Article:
The golden stretch goes on
  |  First Published: December 2006

Through Winter, Spring and now into Summer, water temperatures have hardly dropped and it’s been the best stretch of fishing I have witnessed for many a moon.

Usually it’s about now that we are shaking out of a very lethargic season, with bleary-eyed fish coming out of hibernation. But, no, we have had some tremendous fishing on the Northern Beaches with salmon, tailor and now kingfish ripping line from drags.

Outside, snapper came on early and are still scoffing floating baits in ample berley trails. As a very welcome by-catch, blue morwong have been more common than usual and they taste great pan fried.

Reports of land based jew are as common as bills in the mailbox with beaches like Whale, Mona Vale, Newport, Dee Why and Freshwater consistently producing.

At the mouth of the Hawkesbury at least two jewfish over 30kg have been taken. If you want to target these big mothers, you have to learn how to catch your own squid. Big jew didn’t get big by being stupid and falling for frozen service-station bait.

The only bad apple in the barrel has been Narrabeen Lagoon. Being closed (with only the occasional breaching when flooding of low-lying houses was imminent), the backwaters are starting to go septic. Clingy weed is impeding lures and there’s been little action at places that used to be alive with juvenile flathead and bream.

On the other hand, Queenscliff Lagoon has been firing well with mangrove jack, bream and tarpon falling to hard and soft lures. Doug Grant tells me that there are also queenfish in this tropical Jurassic Park. Kinda gives an extra thrill every time you make a cast on this stretch of water.

Let’s have a squiz at what’s been happening over the past month.


Scott Hopewell, Bill Martin and Bob Lemon from Harbord Bowling Fishing Club had the fright of their life when a 160kg blue marlin scoffed a trolled lure from their 6m Haines Mudcrab 2. It eventually came to the boat, a tag was inserted and the fish was released.

Pike on the drop-offs have been taking snapper baits, especially around West Reef and East Reef. The muttonbird invasion is here with a vengeance as hundreds of these birds patrol out to sea. They always coincide with the run of snapper, dammit!

Big seas have regularly hit the beaches but it didn’t stop Pete Thornicraft from chucking a strip of fresh tailor in the suds to see if he could attract any takers. Two salmon found the bait and gave a great account of themselves before being let go.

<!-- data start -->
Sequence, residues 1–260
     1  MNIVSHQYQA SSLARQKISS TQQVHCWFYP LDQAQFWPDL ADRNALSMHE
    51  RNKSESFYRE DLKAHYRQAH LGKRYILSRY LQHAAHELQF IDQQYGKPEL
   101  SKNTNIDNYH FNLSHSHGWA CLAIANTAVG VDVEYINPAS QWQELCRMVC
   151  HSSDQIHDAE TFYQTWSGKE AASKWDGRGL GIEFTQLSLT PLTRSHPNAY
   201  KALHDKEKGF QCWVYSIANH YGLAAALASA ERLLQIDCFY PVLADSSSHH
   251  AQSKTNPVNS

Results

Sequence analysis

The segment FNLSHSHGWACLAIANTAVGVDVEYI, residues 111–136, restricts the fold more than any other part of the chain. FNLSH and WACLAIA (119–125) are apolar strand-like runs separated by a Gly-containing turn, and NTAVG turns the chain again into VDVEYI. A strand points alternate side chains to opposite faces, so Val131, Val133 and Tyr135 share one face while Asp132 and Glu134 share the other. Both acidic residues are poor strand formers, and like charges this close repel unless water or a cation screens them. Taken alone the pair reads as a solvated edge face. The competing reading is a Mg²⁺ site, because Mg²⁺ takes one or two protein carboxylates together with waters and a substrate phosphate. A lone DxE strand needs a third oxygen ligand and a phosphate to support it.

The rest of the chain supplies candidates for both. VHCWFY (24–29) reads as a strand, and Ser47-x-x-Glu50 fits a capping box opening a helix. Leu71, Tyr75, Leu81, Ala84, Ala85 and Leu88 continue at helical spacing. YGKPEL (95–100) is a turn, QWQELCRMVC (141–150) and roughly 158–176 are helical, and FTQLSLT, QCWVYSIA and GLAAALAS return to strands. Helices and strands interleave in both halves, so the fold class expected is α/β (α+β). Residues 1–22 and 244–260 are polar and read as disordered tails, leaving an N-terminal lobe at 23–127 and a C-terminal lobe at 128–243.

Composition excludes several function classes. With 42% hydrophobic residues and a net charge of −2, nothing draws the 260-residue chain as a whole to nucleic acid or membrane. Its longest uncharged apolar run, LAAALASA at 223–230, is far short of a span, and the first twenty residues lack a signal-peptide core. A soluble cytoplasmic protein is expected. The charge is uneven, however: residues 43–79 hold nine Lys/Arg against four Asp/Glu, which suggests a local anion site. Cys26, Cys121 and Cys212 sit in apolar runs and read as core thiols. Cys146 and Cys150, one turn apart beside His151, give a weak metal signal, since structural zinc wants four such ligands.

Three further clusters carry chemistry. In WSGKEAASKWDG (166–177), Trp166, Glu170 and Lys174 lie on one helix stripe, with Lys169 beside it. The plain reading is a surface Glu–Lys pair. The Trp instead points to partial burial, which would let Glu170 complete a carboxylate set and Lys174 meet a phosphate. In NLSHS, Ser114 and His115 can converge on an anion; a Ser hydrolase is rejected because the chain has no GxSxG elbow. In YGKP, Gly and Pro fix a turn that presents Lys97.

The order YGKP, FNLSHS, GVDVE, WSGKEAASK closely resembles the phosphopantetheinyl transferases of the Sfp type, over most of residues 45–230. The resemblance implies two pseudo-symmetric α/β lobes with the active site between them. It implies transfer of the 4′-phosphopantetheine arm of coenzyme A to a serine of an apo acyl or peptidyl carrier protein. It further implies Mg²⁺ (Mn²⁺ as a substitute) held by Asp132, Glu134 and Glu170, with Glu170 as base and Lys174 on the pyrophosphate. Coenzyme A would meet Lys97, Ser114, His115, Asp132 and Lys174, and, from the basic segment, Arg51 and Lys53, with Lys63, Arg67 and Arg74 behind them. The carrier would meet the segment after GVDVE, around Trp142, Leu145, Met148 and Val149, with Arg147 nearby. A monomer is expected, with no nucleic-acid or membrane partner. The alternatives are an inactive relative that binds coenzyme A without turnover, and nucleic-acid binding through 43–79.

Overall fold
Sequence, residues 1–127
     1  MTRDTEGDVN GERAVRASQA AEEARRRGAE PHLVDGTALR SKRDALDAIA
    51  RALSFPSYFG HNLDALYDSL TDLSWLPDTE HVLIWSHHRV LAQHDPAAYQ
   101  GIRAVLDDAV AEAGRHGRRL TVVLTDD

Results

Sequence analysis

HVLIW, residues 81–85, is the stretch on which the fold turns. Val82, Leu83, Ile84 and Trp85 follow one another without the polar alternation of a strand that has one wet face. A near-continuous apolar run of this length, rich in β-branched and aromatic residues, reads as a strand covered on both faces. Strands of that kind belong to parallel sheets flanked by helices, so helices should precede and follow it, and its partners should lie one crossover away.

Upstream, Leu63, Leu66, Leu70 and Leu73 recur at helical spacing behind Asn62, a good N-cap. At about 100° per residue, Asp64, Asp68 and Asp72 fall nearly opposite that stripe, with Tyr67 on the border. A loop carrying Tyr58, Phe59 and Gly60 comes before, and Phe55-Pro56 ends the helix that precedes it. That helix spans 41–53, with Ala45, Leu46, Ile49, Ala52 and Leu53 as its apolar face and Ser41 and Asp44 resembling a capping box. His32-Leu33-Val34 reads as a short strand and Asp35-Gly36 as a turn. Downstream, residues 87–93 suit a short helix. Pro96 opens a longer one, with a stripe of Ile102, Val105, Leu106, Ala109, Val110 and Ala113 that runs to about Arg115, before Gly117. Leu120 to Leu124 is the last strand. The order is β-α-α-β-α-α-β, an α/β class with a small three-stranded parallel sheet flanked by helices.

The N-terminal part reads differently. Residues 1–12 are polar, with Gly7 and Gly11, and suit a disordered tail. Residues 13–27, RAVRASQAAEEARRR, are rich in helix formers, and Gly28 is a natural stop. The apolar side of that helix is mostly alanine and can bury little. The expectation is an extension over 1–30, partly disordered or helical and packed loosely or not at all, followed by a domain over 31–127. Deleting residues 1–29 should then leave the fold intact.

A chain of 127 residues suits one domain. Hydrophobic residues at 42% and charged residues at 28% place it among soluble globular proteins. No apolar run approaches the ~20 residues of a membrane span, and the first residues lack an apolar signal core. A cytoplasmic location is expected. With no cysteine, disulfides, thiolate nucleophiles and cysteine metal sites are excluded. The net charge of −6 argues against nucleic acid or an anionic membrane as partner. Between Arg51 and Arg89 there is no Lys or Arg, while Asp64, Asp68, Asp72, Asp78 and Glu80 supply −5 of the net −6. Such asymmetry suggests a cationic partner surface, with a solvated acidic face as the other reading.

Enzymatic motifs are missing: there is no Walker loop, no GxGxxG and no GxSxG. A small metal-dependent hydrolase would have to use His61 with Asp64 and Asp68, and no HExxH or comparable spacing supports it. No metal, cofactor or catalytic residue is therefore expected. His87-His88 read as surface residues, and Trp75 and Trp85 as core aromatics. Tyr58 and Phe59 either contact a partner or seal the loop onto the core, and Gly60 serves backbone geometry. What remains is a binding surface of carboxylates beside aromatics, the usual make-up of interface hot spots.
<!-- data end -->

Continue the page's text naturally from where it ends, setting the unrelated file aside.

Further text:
Casting small soft plastic grubs under moored boats at Clareville, one angler nailed four fat bream. His tip is to look for the oldest boat with the most growth below the waterline. Peninsular locals Steve Brooks, Col and Jimmy Dalgliesh and a few others spent a weekend at Glenbawn Dam where they took a couple of respectable bass.

Reports have been hard to come by this month from Narrabeen Lake. Although still fairly low, there has been a serious lack of fishing in this usually productive stretch of water.

I spent some more time at Bayview Boat ramp recently and watched as a couple of boat owners selfishly held up the ramp as they fiddled with gear, bungs, tie-down straps, trailer lights and the rest. They held up others trying to launch or retrieve their own boats.

Hate to repeat myself but the ramp is for putting the boat in or taking it out. Do all you have to do like load gear, take off/put on straps, erect /take down canopies away from the ramp. If you are on the ramp itself for longer than five minutes, you are doing something wrong.

• Monthly tip: If you are into catch-and-release, bend down the barbs of your hooks with a pair of pliers. Fish will stay connected in a fight if you keep a taut line and by negating the barbs, the whole process leaves little or no oral damage when the fish is finally released.

My thanks to all those who email and fax me so I can pen this column each month and I wish them and all our readers a great Christmas.

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